Gun and media deaths cost consumers billions each year but these companies do not pay for these deaths which represents another transfer of wealth. For profit substandard mental health services is another reason given for higher homicide rates.
Another contributing factor is educational and workplace practices promoted by corporations that increase violence.
The US police force has been criticized for its use of deadly force which is higher than other developed countries. There were 387 killings in 2010.
Last year, the military reported 311 deaths due to causalities in Iraq and Afghanistan.
Most violent deaths are preventable in some way. Violence experts believe dramatic reductions are possible. Our 55,000 estimate is based upon a 90% reduction in overall violence which would still give the U.S. a higher homicide rate than many countries.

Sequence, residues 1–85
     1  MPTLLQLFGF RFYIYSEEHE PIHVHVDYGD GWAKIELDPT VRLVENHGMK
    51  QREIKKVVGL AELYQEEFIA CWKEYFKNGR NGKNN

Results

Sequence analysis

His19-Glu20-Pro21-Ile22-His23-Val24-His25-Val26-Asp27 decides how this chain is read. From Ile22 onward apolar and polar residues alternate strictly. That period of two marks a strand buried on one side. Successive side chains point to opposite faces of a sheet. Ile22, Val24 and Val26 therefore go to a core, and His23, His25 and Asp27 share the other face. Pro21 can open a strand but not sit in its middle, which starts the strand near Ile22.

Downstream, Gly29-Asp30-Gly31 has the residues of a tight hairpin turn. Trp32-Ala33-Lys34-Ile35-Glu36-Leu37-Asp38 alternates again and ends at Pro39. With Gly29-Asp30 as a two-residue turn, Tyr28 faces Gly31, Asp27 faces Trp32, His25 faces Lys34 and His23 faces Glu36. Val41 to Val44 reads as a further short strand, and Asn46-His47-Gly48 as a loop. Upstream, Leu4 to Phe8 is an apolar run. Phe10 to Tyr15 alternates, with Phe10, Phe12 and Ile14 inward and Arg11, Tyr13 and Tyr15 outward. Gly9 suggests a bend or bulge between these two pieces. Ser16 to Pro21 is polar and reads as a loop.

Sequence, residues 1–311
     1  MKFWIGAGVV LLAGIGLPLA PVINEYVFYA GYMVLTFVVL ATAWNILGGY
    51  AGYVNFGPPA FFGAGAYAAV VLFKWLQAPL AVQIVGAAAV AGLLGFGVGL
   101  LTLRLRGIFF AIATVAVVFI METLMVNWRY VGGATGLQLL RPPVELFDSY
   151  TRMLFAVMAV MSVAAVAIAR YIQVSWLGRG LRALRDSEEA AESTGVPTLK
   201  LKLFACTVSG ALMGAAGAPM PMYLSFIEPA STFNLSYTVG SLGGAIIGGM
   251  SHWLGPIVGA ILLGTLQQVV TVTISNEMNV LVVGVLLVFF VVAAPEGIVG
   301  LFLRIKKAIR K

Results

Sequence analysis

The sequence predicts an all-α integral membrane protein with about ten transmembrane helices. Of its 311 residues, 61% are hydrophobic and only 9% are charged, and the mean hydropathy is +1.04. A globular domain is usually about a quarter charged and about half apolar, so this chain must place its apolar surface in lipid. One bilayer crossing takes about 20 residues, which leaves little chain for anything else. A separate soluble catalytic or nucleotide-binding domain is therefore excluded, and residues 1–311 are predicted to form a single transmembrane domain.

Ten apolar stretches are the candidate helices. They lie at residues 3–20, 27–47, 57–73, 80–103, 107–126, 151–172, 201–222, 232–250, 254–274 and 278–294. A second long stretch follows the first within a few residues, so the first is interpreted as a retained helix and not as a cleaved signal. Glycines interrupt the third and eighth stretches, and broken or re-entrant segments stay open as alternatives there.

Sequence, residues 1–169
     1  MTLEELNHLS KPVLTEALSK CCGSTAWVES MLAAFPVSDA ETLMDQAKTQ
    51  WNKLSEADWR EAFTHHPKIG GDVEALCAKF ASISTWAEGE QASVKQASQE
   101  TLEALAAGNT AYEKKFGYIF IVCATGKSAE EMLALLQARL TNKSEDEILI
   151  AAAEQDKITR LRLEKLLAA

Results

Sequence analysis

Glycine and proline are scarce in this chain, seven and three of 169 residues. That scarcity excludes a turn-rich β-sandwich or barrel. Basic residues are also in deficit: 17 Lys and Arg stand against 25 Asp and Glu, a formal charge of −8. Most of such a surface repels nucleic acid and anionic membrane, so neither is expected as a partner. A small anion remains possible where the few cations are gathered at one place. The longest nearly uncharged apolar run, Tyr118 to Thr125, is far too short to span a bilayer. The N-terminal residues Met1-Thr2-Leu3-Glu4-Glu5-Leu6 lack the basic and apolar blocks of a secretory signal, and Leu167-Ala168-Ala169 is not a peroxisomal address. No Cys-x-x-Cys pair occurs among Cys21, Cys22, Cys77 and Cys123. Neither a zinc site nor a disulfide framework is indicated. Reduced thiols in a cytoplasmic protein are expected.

● 35,900 Consumer Product Related Deaths occurred in 2008 which is the last year that data is available. A related consumer product death doesn’t necessarily mean that the product was the primary cause. It just means the product was associated with the death. Falls, fires and poisonings were the largest categories.
The consumer system in the U.S. has a number of problems with it. First, it assumes people pay attention to recalls when most of the time people are not aware of recalls announced on consumer products websites. Second, the approach taken doesn’t use approaches developed by industries that improve quality control. Third, incentives are after-the-fact. Lawsuits and fines occur after someone is injured. Inspections are only done for certain categories of products. Home safety inspections after the furniture has arrived would be useful for high risk groups such as the elderly. Transparency and incentives for safety (e.g., tax breaks for good safety records) are lacking. There is inadequate safety testing of consumer products. Unfortunately, the US Consumer Products Safety Division makes no estimates about the potential for death reduction. Finally, research to identify solutions and safety research on consumer products is lacking because corporations don’t have to cooperate with researchers.